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Integrating microRNA and mRNA dynamics during development and differentiation

  • Author(s): Rahmanian, Sorena
  • Advisor(s): Mortazavi, Ali
  • et al.
Abstract

Developmental processes are extremely complex and precisely coordinated sets of orchestrated changes in the transcriptomic landscape within the cells or tissues involved. These changes are the result of concerted efforts across multiple layers of transcriptional and post-transcriptional regulation. MicroRNAs (miRNAs) are a key class of short, non-coding post-transcriptional regulators with a prominent role in early development and differentiation. The main aim of my research has been to study the role of miRNAs in dynamic processes such as embryonic development in conjunction with the transcriptional changes during those processes. To achieve this goal, we integrated the analysis of miRNA and mRNA data from a set of multiple tissues across different stages of embryonic mouse development. In our study, we first cluster miRNAs and mRNAs separately using a regression-based tool. Then, we used analysis of negative partial correlation of these clusters with each other in parallel with enrichment analysis of the predicted targets for each miRNA cluster across mRNA clusters. Using this approach, we are able to identify clusters of miRNAs that repress, in a tissue specific manner, the undesired developmental processes pertaining to other tissues.

MicroRNAs affect the steady-state expression of their target mRNAs by destabilizing and degrading them. However, mRNA steady-state expression levels are affected by both transcription and degradation rates, and the changes in steady-state expression measured by RNA-seq can be attributed to either process. A higher resolution of miRNA-mRNA analysis requires studying the dynamics of transcription at the level of individual mRNA molecules that are being made or degraded. Furthermore, many miRNA binding sites fall in UTR regions or exonic/intronic regions of the gene that can vary between isoforms. Identifying exactly which isoforms are expressed can be extremely helpful in distinguishing the degradation rates between different isoform species. Hence, we developed long-TUC-seq, a long-read sequencing protocol that utilizes TUC-seq chemistry (4-thiouridine labeling and its conversion to cytidine using osmium tetroxide) in order to identify RNA molecules that are recently made (or degraded in the case of chase experiments) at transcript isoform resolution.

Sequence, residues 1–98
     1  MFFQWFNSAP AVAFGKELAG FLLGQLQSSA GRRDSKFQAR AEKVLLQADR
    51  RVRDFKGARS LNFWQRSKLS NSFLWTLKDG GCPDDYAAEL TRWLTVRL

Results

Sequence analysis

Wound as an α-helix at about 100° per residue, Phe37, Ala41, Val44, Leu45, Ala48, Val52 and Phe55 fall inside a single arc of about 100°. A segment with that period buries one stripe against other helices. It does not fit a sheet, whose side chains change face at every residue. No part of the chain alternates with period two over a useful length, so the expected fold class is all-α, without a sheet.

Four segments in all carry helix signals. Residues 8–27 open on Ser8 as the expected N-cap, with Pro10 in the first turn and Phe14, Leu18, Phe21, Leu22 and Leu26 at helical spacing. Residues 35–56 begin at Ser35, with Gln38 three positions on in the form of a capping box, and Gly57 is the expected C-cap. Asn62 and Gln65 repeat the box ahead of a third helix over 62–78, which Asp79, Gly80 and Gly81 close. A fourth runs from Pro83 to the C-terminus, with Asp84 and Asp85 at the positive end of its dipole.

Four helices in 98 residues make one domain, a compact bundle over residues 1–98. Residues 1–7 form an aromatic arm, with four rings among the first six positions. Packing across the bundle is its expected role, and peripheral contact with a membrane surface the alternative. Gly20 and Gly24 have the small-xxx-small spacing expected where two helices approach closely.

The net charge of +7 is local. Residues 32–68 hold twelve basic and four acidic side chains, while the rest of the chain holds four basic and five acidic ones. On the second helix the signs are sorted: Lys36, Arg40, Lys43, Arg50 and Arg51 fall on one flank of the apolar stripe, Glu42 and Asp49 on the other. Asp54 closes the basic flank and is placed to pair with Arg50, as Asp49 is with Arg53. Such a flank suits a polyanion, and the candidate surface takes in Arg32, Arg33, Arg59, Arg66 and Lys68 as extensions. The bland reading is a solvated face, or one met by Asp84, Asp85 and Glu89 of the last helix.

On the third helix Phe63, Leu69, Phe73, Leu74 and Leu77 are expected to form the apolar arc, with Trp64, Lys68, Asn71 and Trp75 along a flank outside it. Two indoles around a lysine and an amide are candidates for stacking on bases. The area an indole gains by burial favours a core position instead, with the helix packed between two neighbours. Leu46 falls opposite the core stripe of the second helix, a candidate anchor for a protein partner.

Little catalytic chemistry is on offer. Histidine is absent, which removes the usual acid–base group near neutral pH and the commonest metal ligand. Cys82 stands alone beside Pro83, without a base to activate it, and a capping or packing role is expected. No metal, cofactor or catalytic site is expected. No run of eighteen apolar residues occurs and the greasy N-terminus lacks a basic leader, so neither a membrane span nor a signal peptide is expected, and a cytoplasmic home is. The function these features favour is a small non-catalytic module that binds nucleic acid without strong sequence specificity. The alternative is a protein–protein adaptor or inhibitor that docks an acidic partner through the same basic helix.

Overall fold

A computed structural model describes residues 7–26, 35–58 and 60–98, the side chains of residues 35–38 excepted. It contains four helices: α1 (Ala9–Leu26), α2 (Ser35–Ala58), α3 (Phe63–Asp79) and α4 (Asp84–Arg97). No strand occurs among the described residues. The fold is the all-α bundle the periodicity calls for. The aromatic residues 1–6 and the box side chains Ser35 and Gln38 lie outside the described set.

Finally, in order to consider the dynamics of miRNA biogenesis and degradation itself, we developed micro-TUC-seq, which is a novel method relying on TUC-seq chemistry to identify mature miRNAs generated in a given labeling time window. We apply this method together with regular TUC-seq to decipher the role of miRNAs during HL-60 macrophage differentiation.

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